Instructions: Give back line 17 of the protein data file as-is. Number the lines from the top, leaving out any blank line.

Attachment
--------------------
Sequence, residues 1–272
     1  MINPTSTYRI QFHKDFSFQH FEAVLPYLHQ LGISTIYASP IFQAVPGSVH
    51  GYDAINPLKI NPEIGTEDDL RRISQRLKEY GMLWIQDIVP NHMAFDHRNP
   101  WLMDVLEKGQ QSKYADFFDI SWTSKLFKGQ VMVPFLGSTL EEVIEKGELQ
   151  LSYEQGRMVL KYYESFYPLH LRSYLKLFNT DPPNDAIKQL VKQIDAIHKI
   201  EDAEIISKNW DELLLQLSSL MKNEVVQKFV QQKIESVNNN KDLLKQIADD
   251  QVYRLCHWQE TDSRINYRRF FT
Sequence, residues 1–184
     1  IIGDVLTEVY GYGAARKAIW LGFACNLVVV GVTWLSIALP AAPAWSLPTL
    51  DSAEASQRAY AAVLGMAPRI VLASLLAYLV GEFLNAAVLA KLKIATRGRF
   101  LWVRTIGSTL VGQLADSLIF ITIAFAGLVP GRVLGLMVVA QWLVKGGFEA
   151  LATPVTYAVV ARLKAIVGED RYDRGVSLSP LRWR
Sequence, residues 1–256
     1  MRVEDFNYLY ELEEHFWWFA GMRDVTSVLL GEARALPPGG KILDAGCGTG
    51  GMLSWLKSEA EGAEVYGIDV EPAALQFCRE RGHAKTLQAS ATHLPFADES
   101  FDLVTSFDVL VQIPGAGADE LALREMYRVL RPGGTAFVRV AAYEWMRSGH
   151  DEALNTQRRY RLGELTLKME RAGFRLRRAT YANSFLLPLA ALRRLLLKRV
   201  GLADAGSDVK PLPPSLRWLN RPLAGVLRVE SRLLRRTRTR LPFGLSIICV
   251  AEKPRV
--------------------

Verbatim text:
   151  DEALNTQRRY RLGELTLKME RAGFRLRRAT YANSFLLPLA ALRRLLLKRV